Please use this identifier to cite or link to this item: https://hdl.handle.net/20.500.11851/1834
Title: Repetition or alternation of context influences sequential congruency effect depending on the presence of contingency
Authors: Atalay, Nart Bedin
Inan, Asli Bahar
102366
Keywords: Conflict Adaptation
Proportion Congruent
Event Files
Attentional Control
Feature-Integration
Cognitive Control
Perception
Retrieval
Awareness
Overlap
Issue Date: Mar-2017
Publisher: Springer Heidelberg
Source: Atalay, N. B., & Inan, A. B. (2017). Repetition or alternation of context influences sequential congruency effect depending on the presence of contingency. Psychological research, 81(2), 490-507.
Abstract: The sequential congruency effect (SCE) is defined as the decrease in the congruency effect following incongruent trials compared to congruent trials. The effect of context repetition on the SCE was investigated in four experiments. In all the experiments, dynamic visual white noise was used as the contextual feature, and the number of congruent and incongruent trials was equal. In Experiments 1 and 2, by using eight-value Flanker and Stroop tasks, and excluding stimulus- and response-feature repetitions from the analysis, a SCE was observed in both context repetition and alternation conditions. In Experiment 3, using a two-value Flanker task, all trials consisted of stimulus- and response-feature repetitions, and a SCE was only observed in the context repetition condition. In Experiment 4, we used a four-value Flanker task, which enabled half of the trials to be partial/complete repetitions and the other half to be complete alternations. A SCE was observed in both context repetition and alternation conditions irrespective of the stimulus- and response-feature repetitions. This pattern of results suggested that the effects of context repetition on the SCE are subject to a number of factors including stimulus- and response-feature repetitions and contingency biases. When contingency information exists, the presence of stimulus- and response-feature repetitions was no longer effective in yielding effects of context repetition on the SCE. These findings suggest that the usage of information registered in episodic event representations including stimulus-, response- and contextual-features, control parameters and contingency biases results from interactions of a complex pattern of mechanisms, yet to be further explored.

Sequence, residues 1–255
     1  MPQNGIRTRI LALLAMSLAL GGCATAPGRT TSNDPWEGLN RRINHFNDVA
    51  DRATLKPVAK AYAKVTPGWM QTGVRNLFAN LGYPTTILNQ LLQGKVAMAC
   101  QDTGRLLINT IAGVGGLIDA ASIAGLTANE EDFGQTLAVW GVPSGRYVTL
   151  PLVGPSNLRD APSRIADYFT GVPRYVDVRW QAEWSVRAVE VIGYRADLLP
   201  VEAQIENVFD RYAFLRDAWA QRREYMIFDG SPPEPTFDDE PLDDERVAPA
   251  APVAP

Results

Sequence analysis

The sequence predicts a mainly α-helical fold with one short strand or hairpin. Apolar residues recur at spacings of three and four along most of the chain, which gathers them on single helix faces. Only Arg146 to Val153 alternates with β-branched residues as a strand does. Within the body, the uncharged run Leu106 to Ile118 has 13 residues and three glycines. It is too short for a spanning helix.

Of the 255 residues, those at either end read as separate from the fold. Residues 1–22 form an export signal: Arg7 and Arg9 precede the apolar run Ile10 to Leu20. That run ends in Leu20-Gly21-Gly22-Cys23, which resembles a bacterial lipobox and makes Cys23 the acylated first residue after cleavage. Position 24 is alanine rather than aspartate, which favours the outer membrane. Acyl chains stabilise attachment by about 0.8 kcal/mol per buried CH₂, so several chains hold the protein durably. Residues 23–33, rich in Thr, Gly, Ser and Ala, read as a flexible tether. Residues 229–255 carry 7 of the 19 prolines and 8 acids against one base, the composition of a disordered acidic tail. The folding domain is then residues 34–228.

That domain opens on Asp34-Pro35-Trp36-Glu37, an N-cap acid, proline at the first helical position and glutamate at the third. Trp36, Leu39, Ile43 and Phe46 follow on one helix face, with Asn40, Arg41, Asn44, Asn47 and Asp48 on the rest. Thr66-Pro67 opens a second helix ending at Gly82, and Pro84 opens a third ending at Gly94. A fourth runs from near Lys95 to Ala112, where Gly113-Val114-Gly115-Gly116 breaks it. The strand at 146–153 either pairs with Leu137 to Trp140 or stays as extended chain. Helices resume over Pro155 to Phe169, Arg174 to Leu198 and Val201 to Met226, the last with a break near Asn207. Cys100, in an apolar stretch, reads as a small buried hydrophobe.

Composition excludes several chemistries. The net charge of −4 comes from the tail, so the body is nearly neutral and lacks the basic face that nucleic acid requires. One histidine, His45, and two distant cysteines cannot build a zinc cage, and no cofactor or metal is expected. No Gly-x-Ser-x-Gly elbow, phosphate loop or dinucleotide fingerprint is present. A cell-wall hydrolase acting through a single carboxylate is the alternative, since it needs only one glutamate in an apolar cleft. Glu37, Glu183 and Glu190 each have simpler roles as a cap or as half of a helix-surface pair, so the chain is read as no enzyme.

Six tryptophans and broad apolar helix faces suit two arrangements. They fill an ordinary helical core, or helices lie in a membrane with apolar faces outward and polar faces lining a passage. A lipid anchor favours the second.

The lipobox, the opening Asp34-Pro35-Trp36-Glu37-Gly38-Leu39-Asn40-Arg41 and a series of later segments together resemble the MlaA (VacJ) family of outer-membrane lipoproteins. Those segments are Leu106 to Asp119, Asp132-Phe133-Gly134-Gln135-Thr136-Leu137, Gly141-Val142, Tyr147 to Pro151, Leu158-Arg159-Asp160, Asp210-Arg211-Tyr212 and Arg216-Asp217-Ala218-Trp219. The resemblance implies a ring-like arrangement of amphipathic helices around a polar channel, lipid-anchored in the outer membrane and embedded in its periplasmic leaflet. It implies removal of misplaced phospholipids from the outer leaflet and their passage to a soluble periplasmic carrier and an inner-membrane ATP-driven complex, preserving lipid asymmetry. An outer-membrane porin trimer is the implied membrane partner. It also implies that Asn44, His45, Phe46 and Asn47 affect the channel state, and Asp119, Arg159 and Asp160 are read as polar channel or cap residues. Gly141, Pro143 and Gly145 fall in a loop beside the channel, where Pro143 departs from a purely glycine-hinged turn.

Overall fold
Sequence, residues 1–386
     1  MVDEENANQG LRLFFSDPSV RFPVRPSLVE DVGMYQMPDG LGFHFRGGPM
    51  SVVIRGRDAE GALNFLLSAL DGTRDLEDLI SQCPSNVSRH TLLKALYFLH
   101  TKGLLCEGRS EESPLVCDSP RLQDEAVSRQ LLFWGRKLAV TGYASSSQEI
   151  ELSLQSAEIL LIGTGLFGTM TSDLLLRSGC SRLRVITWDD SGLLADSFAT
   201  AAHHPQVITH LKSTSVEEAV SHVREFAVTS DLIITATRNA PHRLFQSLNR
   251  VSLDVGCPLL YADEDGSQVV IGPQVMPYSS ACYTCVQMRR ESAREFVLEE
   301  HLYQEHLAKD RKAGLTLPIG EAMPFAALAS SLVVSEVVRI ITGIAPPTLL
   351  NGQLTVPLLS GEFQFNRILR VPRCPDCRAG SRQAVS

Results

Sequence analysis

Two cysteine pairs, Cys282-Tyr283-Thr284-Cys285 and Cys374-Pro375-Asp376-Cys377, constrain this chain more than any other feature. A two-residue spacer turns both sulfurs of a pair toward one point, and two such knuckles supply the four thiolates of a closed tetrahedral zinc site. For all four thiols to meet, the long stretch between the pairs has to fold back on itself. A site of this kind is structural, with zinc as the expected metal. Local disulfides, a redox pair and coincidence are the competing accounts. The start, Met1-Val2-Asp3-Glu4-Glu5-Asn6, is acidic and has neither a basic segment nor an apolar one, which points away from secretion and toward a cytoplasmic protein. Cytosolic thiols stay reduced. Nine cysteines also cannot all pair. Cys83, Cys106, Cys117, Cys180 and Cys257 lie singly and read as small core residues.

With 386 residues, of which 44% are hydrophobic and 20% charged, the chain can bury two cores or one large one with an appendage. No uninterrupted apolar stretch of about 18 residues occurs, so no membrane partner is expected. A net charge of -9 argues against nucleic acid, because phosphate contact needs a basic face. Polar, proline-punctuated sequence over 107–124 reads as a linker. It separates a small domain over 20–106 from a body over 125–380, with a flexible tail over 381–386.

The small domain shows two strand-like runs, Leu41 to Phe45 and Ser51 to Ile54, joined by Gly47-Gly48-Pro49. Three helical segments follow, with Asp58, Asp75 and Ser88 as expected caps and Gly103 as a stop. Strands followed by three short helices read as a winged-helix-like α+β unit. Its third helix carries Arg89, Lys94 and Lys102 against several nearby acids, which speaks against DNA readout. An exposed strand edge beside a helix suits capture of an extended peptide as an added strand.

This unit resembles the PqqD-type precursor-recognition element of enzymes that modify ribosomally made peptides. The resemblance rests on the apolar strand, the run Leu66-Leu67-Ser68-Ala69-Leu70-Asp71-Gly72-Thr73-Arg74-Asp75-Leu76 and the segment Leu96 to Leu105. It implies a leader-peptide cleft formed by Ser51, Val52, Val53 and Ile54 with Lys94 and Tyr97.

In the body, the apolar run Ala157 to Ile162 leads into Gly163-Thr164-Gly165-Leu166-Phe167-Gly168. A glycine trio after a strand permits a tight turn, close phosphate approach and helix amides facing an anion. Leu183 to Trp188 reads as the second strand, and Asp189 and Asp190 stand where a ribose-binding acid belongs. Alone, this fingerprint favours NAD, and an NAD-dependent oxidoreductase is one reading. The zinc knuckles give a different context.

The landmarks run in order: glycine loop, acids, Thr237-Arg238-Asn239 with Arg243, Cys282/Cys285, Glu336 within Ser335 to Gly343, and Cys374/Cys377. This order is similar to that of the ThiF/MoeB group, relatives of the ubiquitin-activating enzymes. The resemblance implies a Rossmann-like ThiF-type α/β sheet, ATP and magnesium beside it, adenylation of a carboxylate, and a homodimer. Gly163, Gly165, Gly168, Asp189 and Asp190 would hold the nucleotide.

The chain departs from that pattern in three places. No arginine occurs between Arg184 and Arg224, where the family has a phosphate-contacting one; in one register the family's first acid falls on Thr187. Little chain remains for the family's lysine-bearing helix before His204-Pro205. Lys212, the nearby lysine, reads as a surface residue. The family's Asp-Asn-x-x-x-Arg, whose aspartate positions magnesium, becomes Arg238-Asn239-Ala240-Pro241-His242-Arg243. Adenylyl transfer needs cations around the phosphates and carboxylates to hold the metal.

URI: https://link.springer.com/content/pdf/10.1007%2Fs00426-016-0751-8.pdf
https://hdl.handle.net/20.500.11851/1834
ISSN: 0340-0727
Appears in Collections:Psikoloji Bölümü / Department of Psychology
PubMed İndeksli Yayınlar Koleksiyonu / PubMed Indexed Publications Collection
Scopus İndeksli Yayınlar Koleksiyonu / Scopus Indexed Publications Collection
WoS İndeksli Yayınlar Koleksiyonu / WoS Indexed Publications Collection

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